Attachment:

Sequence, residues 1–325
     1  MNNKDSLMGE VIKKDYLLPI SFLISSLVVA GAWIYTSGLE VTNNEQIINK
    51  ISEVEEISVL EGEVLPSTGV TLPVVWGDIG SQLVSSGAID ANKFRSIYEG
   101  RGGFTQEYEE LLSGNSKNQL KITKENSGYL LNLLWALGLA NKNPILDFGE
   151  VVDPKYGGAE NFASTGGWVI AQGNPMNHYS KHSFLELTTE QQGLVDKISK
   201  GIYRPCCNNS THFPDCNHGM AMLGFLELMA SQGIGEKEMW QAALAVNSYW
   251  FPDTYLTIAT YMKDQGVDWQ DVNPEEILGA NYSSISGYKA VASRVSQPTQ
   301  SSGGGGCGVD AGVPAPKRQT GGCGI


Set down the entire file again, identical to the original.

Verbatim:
Sequence, residues 1–325
     1  MNNKDSLMGE VIKKDYLLPI SFLISSLVVA GAWIYTSGLE VTNNEQIINK
    51  ISEVEEISVL EGEVLPSTGV TLPVVWGDIG SQLVSSGAID ANKFRSIYEG
   101  RGGFTQEYEE LLSGNSKNQL KITKENSGYL LNLLWALGLA NKNPILDFGE
   151  VVDPKYGGAE NFASTGGWVI AQGNPMNHYS KHSFLELTTE QQGLVDKISK
   201  GIYRPCCNNS THFPDCNHGM AMLGFLELMA SQGIGEKEMW QAALAVNSYW
   251  FPDTYLTIAT YMKDQGVDWQ DVNPEEILGA NYSSISGYKA VASRVSQPTQ
   301  SSGGGGCGVD AGVPAPKRQT GGCGI